We’ve come a long way since Ramón y Cajal mapped the neuron over 100 years ago. We can measure the activity of small numbers of neurons, up to a few hundred; and we can measure the activities of patches of 30,000 to one million neurons across certain timescales using tools like fMRI. But many critical brain functions involve millions of neurons, firing across both short and long timescales, connecting up into complex circuit patterns. Certain components of the brain’s infrastructure also function at the nanoscale. Thus our tools for measuring and manipulating those components must operate at this level, too. Twenty, even ten years ago, the time wasn’t right. With new advances in nanoscience and nanotechnologies, new paths have opened. So I was able to match and leverage those advances with what brain science needed. Success came from my circulating through many fields and sectors, recognizing challenges and potentials, and keeping my pulse on the scientific developments—and the gaps to be filled—across wide horizons.
But the purpose of BRAIN was never to simply develop more tools for reading more neurons. We wanted tools to decipher brain activity, link human behaviors to that activity, and treat neurological disease. The interdisciplinary network of scientists and engineers working in BRAIN’s programs are making new, powerful prosthetics, improving educational strategies, and building smart technologies that mimic the brain’s extraordinary abilities. The momentum is building in the right directions.
It was also crucial for my team, funders, policymakers, and the public to understand we’d be playing a long game here. Radical changes and discoveries take time. And money. And strong leadership that can harmonize divergent stakeholders. Not to mention some luck. The stakeholders leading BRAIN today had the wisdom and foresight to plan for long-term investments. They’ve secured $5 billion in funds through 2026, and engaged a diverse array of scientific minds and institutions.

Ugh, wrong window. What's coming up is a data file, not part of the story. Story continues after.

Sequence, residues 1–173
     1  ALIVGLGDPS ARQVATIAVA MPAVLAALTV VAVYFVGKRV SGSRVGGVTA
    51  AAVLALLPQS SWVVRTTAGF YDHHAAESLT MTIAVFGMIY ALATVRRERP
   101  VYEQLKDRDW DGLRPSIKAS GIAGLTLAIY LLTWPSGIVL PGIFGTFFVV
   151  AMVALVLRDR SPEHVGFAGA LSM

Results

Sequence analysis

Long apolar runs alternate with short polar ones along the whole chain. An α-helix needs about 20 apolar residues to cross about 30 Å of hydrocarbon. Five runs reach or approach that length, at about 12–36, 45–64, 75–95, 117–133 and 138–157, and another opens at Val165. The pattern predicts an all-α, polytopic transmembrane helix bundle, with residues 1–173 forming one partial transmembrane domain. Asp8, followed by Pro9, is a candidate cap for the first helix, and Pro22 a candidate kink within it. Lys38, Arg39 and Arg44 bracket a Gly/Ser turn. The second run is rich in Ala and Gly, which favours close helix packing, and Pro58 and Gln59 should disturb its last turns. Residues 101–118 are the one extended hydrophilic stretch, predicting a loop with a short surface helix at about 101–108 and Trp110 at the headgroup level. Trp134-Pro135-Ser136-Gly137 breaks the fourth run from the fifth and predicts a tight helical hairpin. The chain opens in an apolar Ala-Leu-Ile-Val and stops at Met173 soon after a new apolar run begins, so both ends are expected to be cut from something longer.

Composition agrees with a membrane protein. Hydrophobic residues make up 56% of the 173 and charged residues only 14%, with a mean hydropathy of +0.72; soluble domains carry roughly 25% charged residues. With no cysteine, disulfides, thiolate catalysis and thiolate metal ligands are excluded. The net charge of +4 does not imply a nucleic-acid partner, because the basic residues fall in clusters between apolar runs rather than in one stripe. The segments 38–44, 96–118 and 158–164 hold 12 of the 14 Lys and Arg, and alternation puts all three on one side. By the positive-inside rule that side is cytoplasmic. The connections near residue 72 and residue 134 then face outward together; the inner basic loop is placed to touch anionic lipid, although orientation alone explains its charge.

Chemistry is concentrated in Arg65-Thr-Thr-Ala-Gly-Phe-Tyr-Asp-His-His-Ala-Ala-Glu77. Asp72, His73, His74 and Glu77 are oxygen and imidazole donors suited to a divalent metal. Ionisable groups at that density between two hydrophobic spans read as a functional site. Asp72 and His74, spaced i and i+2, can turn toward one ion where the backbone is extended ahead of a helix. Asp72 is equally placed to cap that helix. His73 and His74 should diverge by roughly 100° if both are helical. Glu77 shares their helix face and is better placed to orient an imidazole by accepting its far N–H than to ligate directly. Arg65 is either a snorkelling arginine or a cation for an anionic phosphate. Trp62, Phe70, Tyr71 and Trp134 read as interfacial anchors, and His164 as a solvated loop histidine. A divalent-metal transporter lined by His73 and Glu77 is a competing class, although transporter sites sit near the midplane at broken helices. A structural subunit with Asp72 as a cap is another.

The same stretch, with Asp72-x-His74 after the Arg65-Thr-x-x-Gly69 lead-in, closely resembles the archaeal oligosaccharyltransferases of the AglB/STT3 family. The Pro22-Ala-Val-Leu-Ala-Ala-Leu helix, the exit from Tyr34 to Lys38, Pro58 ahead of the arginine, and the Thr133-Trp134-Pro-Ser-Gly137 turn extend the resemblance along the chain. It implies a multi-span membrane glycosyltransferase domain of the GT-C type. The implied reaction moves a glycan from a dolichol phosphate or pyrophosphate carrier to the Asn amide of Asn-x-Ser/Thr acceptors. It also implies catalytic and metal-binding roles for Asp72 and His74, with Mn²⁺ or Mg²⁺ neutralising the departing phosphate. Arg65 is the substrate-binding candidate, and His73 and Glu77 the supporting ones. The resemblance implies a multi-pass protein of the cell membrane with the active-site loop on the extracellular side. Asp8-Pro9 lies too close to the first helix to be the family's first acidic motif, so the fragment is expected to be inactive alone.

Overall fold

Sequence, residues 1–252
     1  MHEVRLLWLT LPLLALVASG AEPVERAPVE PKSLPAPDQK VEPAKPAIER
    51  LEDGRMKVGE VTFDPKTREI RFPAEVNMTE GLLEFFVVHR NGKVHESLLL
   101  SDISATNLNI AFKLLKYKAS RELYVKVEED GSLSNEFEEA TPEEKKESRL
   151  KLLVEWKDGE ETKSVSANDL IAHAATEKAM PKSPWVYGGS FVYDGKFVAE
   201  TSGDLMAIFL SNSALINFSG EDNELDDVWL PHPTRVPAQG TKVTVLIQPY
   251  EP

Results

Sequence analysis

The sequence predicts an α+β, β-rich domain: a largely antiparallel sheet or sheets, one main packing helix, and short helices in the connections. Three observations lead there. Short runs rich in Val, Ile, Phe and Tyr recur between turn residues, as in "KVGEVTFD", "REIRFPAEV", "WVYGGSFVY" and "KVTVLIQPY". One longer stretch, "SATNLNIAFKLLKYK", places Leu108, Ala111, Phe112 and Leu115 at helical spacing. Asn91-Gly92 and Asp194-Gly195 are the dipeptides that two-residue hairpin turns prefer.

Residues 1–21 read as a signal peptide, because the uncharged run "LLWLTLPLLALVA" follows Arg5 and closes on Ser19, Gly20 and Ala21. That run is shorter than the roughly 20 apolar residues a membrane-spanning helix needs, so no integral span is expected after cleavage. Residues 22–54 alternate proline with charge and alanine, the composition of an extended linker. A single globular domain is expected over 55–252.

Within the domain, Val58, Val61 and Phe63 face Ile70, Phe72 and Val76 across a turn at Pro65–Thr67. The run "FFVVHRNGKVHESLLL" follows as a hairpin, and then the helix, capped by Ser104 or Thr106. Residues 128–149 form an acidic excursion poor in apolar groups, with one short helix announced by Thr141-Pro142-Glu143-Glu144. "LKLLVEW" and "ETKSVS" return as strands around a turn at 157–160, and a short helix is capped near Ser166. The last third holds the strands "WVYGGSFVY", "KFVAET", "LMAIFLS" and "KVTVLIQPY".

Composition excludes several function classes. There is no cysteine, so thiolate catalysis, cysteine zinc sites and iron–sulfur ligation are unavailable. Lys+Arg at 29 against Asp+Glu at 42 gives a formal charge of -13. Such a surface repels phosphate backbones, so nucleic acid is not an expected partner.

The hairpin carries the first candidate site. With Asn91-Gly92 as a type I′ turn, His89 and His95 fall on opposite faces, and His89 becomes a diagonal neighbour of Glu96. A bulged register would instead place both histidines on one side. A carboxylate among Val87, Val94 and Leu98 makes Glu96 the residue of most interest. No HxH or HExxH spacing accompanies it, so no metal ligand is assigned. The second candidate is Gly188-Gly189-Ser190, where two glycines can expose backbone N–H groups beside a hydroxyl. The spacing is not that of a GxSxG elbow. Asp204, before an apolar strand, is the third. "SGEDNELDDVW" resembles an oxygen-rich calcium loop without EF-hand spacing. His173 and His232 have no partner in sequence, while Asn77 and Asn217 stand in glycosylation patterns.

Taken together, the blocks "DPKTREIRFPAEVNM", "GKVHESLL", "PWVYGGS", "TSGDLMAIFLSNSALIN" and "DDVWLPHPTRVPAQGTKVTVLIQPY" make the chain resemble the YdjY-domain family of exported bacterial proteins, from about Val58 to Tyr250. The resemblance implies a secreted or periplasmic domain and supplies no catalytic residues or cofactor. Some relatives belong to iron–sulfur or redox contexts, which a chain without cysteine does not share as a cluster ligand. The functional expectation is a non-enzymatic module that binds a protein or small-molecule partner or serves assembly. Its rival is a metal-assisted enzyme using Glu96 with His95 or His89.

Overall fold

Its leaders now must keep the project’s mission and strategies coordinated. To imagine, design, fabricate, scale, and share all these tools, for instance, you need all kinds of unlikely stakeholders to work together. NIH has to work with the National Science Foundation. The Kavli Foundation has to work with the Allen Institute for Brain Science. Building partnerships between distinguished institutions and their stakeholders is harder than you might imagine. They are not always so inclined to cooperate with external partners. When you work together on large-scale projects, some stakeholders can become more prominent, while others take more of a backseat. In the end, though, our goal was understanding the brain’s mysteries and treating diseases like Parkinson’s, Alzheimer’s, and mental illness. Objectives like that can unify even the most skeptical parties.
You recently decided to leave The Kavli Foundation, where you had so much success, without having a new position or predetermined plan locked in. That is a bold move. Can you take us through your decision-making process?
Periodically I ask myself: Are my capabilities being optimized? Do I have urges to solve new problems? Could I make bigger impacts somehow? It’s a habit of pushing my boundaries and testing the boundaries of organizations I work for. Sometimes my answers tell me: Okay, Miyoung, time for a new venture.
Do I know what will it be like? No! There’s a 99 percent possibility of failure. But I focus on the 1 percent of potential success. Why worry about 99 percent? That is business as usual. I probably don’t know what “business as usual” even means. I’ve never been a “business as usual” thinker. For better or worse. Thinking differently, apart from the crowd, has mostly served me well. But it rarely feels safe. It can be unsettling.